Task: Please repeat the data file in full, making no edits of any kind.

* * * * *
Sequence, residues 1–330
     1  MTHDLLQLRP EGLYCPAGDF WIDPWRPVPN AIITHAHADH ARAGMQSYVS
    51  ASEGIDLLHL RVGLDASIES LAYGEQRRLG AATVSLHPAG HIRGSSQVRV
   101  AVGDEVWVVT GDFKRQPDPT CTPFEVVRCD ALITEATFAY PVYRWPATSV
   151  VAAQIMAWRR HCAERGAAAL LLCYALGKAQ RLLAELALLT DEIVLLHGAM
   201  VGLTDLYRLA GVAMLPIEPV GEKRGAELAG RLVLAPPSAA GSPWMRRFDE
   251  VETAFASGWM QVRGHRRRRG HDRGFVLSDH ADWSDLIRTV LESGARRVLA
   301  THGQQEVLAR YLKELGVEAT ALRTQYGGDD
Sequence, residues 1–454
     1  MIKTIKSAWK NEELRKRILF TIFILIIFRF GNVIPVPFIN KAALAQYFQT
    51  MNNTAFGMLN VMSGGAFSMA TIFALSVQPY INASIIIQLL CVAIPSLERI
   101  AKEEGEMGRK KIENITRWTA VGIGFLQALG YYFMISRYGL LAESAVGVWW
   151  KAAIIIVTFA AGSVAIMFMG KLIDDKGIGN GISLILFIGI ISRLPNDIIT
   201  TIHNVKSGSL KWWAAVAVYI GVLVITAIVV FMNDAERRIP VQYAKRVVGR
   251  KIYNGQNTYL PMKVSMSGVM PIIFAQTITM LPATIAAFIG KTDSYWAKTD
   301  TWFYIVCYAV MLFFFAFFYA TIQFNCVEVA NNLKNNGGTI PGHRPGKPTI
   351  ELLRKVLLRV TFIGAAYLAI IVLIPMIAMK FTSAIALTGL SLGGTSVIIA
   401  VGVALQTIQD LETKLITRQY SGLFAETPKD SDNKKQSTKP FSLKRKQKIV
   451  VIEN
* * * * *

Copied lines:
Sequence, residues 1–330
     1  MTHDLLQLRP EGLYCPAGDF WIDPWRPVPN AIITHAHADH ARAGMQSYVS
    51  ASEGIDLLHL RVGLDASIES LAYGEQRRLG AATVSLHPAG HIRGSSQVRV
   101  AVGDEVWVVT GDFKRQPDPT CTPFEVVRCD ALITEATFAY PVYRWPATSV
   151  VAAQIMAWRR HCAERGAAAL LLCYALGKAQ RLLAELALLT DEIVLLHGAM
   201  VGLTDLYRLA GVAMLPIEPV GEKRGAELAG RLVLAPPSAA GSPWMRRFDE
   251  VETAFASGWM QVRGHRRRRG HDRGFVLSDH ADWSDLIRTV LESGARRVLA
   301  THGQQEVLAR YLKELGVEAT ALRTQYGGDD
Sequence, residues 1–454
     1  MIKTIKSAWK NEELRKRILF TIFILIIFRF GNVIPVPFIN KAALAQYFQT
    51  MNNTAFGMLN VMSGGAFSMA TIFALSVQPY INASIIIQLL CVAIPSLERI
   101  AKEEGEMGRK KIENITRWTA VGIGFLQALG YYFMISRYGL LAESAVGVWW
   151  KAAIIIVTFA AGSVAIMFMG KLIDDKGIGN GISLILFIGI ISRLPNDIIT
   201  TIHNVKSGSL KWWAAVAVYI GVLVITAIVV FMNDAERRIP VQYAKRVVGR
   251  KIYNGQNTYL PMKVSMSGVM PIIFAQTITM LPATIAAFIG KTDSYWAKTD
   301  TWFYIVCYAV MLFFFAFFYA TIQFNCVEVA NNLKNNGGTI PGHRPGKPTI
   351  ELLRKVLLRV TFIGAAYLAI IVLIPMIAMK FTSAIALTGL SLGGTSVIIA
   401  VGVALQTIQD LETKLITRQY SGLFAETPKD SDNKKQSTKP FSLKRKQKIV
   451  VIEN